Investigate all the different squares you can make on this 5 by 5 grid by making your starting side go from the bottom left hand point. Can you find out the areas of all these squares?

This practical challenge invites you to investigate the different squares you can make on a square geoboard or pegboard.

How many different triangles can you make on a circular pegboard that has nine pegs?

This article for teachers suggests activities based on pegboards, from pattern generation to finding all possible triangles, for example.

Can you find all the different triangles on these peg boards, and find their angles?

How many DIFFERENT quadrilaterals can be made by joining the dots on the 8-point circle?

How would you move the bands on the pegboard to alter these shapes?

Use the interactivity to investigate what kinds of triangles can be drawn on peg boards with different numbers of pegs.

What is the relationship between the angle at the centre and the angles at the circumference, for angles which stand on the same arc? Can you prove it?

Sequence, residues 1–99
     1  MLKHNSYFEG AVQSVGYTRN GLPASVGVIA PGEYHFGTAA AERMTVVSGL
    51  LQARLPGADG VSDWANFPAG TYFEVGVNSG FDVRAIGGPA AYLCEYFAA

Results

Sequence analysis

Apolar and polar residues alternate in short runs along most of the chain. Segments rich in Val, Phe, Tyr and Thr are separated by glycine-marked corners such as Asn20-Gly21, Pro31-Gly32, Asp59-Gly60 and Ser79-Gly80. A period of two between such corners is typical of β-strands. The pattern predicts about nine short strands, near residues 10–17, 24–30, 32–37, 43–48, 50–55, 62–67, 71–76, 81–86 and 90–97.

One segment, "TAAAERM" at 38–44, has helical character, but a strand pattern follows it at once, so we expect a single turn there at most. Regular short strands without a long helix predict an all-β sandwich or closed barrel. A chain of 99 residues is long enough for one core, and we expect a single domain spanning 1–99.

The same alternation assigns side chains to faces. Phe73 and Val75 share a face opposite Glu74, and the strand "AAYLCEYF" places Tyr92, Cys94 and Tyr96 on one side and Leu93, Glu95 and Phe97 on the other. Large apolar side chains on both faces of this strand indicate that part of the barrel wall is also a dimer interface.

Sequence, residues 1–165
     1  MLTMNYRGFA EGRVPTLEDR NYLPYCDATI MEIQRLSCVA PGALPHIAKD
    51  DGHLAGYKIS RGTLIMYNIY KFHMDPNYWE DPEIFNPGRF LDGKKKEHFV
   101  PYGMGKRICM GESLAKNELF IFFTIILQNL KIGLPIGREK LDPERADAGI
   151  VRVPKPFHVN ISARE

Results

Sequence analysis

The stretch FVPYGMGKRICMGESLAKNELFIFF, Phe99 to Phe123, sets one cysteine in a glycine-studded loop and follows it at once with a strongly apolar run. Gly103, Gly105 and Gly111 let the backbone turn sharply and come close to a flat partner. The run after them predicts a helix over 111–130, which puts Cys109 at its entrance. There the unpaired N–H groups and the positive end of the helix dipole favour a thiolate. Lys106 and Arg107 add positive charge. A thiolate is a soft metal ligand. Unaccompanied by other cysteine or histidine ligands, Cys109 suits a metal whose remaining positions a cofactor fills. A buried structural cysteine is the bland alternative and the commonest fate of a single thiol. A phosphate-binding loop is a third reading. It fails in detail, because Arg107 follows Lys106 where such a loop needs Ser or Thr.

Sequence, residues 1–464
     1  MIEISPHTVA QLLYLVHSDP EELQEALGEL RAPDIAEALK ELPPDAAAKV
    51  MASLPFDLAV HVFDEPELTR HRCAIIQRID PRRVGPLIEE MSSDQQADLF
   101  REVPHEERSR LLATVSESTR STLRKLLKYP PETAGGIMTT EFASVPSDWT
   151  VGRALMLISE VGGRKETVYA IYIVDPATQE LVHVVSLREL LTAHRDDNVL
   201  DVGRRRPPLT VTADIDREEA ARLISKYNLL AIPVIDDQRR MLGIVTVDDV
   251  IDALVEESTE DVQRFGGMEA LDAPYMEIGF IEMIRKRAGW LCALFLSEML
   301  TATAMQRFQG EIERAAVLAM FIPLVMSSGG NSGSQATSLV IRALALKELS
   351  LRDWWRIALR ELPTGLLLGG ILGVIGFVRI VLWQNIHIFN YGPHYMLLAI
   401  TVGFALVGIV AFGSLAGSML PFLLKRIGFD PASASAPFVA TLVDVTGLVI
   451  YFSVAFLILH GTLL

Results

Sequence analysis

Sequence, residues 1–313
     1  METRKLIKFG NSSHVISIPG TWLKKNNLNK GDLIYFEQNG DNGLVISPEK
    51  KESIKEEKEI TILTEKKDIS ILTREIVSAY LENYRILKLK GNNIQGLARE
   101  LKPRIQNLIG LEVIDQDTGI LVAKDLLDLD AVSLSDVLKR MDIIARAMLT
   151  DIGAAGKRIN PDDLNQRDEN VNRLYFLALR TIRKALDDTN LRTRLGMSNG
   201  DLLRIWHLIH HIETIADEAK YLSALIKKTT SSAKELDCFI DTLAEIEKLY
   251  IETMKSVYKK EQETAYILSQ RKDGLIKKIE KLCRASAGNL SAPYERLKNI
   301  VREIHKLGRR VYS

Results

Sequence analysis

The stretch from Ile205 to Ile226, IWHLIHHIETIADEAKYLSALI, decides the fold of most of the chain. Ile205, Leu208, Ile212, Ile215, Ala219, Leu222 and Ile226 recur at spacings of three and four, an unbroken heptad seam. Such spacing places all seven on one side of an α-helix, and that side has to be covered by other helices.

Imagine an infinitely large sheet of square dotty paper on which you can draw triangles of any size you wish (providing each vertex is on a dot). What areas is it/is it not possible to draw?

Can you make a right-angled triangle on this peg-board by joining up three points round the edge?

Can you find triangles on a 9-point circle? Can you work out their angles?

Choose the size of your pegboard and the shapes you can make. Can you work out the strategies needed to block your opponent?

Polygons drawn on square dotty paper have dots on their perimeter (p) and often internal (i) ones as well. Find a relationship between p, i and the area of the polygons.

This article for teachers explains why geoboards are such an invaluable resource and introduces several tasks which make use of them.